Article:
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dc.contributor.advisor Dietrich, Fred S. en_US
dc.contributor.author Diezmann, Stephanie en_US
dc.date.accessioned 2009-05-01T18:34:50Z
dc.date.available 2009-05-01T18:34:50Z
dc.date.issued 2009 en_US
dc.identifier.uri http://hdl.handle.net/10161/1187
dc.description Dissertation en_US
dc.description.abstract <p>Hydrogen peroxide is used by animals and plants to deter the growth of microbial invaders by inflicting DNA lesions, protein oxidation and lipid membrane modifications. Pathogens protect themselves with enzymes and scavenging proteins. This study investigated population genetic, biochemical and genetic aspects of peroxide survival in <i>Saccharomyces cerevisiae </i> to address its importance for yeast biology and fungal pathogenicity.</p><p>Population genetic analyses of DNA sequences from five loci from 103 strains encompassing the known ecological spectrum of <i>S. cerevisiae</i> show that it is a recombining species with three divergent subgroups, which are associated with soil, fruit, and vineyards. Clinical isolates cluster with fruit isolates but are significantly more resistant to peroxide. Clinical isolates are genetically diverse, indicating multiple origins of the pathogenic lifestyle and eliminating the possibility that peroxide resistance is due to shared ancestry rather than it's importance for than its importance in colonizing the host.</p><p>Biochemical aspects of peroxide survival were studied in a resistant (high-survival) clinical isolate, a sensitive (low-survival) laboratory strain and their hybrid. Catalase activity and expression levels are indistinguishable among strains. Co-culture assays and growth curve records indicate that a secreted factor improves survival of the laboratory strain and that the phenotypic difference is most pronounced during exponential growth, excluding mechanisms of the General Stress Response effective during stationary phase. Semi-quantitative expression profiles of stress response candidate genes do not differ, suggesting a novel resistance mechanism.</p><p>To elucidate the genetic basis of peroxide survival, the hybrid was sporulated and 200 F1 segregants phenotyped and genotyped for oxidative stress candidate genes. Peroxide survival is a dominant quantitative trait and not linked to catalase, peroxidase or superoxide dismutase genes. 1,246 backcross segregants were phenotyped and 93 segregants selectively genotyped using microarrays. A 14-gene locus on chromosome XVI displayed marker-trait association. One gene, <i>RDS2</i>, encodes a zinc cluster protein acting as a regulator of drug sensitivity and contains a non-synonymous polymorphism whose exchange between the parental strains results a 15% decrease in survival in the clinical strain.</p><p>This work establishes a novel function for <i>RDS2</i> in oxidative stress response and demonstrates the effect a quantitative trait nucleotide has on a clinically relevant phenotype.</p> en_US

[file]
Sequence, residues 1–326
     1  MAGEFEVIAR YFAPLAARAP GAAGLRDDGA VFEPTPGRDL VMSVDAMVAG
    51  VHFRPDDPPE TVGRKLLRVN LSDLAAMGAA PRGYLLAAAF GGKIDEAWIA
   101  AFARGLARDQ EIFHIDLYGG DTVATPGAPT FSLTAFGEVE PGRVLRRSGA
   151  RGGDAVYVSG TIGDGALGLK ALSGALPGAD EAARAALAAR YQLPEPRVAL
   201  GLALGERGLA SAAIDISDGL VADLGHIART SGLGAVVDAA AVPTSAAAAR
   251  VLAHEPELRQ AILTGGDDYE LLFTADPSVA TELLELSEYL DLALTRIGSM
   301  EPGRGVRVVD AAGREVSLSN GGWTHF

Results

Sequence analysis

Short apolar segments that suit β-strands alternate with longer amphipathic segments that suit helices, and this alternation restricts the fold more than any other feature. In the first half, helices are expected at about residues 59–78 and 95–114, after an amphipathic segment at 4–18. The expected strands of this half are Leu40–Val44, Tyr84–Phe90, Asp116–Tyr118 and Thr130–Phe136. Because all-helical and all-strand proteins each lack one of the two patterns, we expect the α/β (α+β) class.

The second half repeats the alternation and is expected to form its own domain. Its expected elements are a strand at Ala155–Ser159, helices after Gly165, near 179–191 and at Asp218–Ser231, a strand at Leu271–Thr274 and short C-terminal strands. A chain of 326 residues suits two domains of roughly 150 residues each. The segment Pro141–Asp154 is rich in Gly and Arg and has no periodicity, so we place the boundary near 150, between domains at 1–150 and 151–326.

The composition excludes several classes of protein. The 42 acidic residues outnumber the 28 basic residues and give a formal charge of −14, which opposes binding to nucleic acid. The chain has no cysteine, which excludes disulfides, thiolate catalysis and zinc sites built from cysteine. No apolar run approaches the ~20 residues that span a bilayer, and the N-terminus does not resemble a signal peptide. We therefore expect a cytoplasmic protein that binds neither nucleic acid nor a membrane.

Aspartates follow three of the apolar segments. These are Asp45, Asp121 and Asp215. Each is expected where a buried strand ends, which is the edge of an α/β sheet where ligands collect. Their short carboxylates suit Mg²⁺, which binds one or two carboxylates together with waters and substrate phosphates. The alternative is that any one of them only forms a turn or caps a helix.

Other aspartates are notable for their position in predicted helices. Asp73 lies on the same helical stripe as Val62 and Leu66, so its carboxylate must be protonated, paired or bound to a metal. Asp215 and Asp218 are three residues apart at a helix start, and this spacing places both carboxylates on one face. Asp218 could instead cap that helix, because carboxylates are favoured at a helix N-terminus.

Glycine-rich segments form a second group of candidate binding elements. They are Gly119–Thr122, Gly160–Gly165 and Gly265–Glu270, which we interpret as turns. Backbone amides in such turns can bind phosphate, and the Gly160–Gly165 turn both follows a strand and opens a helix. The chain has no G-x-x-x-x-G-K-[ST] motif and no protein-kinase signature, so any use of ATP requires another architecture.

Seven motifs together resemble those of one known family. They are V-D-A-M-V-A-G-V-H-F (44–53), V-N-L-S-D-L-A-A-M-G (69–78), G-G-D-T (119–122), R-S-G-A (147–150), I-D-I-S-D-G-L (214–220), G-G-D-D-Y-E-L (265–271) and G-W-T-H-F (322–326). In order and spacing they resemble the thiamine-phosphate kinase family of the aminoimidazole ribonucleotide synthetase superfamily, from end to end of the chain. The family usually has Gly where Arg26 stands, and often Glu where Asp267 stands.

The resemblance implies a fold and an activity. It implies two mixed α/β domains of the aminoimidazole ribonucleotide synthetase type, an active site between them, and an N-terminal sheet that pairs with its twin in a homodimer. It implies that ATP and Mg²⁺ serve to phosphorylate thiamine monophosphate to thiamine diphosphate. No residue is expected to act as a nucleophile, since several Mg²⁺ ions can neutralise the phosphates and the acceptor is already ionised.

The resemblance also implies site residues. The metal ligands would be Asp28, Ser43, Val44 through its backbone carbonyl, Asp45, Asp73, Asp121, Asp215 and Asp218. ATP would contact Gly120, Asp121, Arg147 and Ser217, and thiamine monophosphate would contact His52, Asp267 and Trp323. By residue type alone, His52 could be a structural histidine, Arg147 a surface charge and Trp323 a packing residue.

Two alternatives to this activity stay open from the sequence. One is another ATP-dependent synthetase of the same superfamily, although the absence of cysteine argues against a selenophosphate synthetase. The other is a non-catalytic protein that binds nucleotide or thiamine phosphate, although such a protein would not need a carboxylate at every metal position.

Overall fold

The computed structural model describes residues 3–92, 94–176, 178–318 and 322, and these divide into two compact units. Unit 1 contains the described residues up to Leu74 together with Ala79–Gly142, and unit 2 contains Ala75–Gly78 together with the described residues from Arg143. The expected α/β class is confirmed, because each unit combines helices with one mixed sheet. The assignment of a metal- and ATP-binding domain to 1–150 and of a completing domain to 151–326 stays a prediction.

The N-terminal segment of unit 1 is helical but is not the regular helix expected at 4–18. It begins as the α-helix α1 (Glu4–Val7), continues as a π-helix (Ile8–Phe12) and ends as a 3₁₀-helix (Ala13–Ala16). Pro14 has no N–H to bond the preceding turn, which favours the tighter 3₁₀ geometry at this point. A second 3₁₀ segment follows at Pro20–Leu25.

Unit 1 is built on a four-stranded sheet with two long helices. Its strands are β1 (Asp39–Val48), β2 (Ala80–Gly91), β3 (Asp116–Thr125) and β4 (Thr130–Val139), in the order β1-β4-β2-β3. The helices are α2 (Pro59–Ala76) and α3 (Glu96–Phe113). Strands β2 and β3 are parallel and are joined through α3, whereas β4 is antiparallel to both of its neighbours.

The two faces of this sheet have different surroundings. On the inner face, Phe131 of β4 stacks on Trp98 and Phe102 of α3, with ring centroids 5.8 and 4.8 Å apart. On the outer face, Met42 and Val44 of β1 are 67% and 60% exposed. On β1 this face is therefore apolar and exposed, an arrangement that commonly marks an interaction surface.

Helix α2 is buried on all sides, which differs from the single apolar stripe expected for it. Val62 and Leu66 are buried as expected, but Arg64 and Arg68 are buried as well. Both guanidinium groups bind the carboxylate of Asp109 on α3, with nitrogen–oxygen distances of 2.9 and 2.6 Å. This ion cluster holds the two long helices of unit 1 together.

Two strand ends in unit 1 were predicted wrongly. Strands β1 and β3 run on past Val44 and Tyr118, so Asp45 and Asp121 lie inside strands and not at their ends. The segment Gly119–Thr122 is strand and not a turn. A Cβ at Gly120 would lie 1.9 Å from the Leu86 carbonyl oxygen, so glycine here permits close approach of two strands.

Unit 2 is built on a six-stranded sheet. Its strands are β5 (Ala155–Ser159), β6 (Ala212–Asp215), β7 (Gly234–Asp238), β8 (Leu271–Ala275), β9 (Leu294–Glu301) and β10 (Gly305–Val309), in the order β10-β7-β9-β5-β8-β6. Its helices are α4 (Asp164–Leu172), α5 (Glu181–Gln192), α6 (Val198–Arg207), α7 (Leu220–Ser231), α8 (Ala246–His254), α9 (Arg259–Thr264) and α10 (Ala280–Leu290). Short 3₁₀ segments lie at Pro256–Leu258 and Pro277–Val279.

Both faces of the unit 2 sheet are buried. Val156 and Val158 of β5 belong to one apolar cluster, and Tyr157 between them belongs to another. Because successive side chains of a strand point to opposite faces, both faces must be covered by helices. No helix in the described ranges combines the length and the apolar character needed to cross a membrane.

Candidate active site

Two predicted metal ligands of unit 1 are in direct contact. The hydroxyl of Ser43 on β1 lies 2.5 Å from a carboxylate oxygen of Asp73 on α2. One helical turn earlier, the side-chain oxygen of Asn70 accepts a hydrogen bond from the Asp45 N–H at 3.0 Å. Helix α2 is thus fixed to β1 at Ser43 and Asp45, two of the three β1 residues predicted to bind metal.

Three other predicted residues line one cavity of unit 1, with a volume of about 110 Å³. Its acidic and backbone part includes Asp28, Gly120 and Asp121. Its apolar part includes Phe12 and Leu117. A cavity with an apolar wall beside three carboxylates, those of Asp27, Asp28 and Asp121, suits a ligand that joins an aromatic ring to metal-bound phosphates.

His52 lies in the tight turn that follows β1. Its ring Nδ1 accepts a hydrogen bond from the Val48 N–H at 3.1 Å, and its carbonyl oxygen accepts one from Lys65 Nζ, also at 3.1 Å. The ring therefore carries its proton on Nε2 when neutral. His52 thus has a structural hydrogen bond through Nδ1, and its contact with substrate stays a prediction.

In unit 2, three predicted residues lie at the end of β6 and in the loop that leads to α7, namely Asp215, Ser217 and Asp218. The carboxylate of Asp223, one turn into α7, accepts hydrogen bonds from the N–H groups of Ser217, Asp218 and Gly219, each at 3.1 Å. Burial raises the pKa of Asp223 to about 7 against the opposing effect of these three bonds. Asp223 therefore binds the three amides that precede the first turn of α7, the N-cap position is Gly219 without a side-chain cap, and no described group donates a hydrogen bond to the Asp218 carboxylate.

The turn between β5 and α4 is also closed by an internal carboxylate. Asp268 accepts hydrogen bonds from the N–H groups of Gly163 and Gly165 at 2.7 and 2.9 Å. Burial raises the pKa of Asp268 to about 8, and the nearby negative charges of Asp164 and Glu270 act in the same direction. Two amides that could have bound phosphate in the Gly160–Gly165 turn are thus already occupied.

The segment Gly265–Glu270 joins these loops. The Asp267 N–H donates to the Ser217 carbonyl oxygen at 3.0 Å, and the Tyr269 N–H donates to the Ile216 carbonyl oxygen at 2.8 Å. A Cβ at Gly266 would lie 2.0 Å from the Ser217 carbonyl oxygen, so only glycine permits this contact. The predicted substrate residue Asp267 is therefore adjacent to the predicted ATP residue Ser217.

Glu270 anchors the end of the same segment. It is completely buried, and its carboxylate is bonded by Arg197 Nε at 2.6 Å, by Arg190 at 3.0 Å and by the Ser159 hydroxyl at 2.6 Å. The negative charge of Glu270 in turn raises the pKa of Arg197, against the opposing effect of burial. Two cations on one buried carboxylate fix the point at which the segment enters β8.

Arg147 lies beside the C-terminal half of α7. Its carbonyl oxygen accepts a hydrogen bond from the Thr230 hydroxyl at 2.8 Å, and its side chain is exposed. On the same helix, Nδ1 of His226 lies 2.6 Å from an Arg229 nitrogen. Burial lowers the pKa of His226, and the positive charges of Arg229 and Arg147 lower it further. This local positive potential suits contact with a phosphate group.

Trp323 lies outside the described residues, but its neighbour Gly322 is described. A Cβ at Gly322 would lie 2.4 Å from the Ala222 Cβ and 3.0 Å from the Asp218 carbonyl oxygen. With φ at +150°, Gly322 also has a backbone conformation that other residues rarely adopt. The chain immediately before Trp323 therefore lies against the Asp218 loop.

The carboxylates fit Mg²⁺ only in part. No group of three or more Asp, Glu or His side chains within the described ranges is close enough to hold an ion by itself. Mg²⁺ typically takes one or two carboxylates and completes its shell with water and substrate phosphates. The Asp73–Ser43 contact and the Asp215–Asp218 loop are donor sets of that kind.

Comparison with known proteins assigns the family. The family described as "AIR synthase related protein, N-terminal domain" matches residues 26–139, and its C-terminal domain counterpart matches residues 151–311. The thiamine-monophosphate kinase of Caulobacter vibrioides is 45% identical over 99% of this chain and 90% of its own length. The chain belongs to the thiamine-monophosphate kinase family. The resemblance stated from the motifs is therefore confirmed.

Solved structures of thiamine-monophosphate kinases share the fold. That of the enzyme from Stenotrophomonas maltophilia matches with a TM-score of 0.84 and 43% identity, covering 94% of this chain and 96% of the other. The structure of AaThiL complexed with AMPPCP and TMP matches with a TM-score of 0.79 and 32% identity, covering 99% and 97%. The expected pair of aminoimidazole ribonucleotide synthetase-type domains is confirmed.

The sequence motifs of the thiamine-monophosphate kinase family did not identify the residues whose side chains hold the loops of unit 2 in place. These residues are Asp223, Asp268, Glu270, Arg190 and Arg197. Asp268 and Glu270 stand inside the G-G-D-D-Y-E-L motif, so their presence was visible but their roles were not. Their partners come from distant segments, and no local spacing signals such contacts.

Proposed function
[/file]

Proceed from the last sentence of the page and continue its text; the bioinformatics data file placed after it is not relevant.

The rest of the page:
dc.format.extent 2266470 bytes
dc.format.mimetype application/pdf
dc.language.iso en_US
dc.subject Biology, Genetics en_US
dc.subject Biology, Microbiology en_US
dc.subject Evolution en_US
dc.subject Oxidative Stress en_US
dc.subject Quantitative Genetics en_US
dc.subject Saccharomyces cerevisiae en_US
dc.title Evolutionary Implications and Genetic Basis of Peroxide Survival in Saccharomyces Cerevisiae en_US
dc.type Dissertation en_US
dc.department Genetics and Genomics en_US
duke.embargo.months 12 en_US
dc.date.accessible 2010-05-18T05:00:34Z

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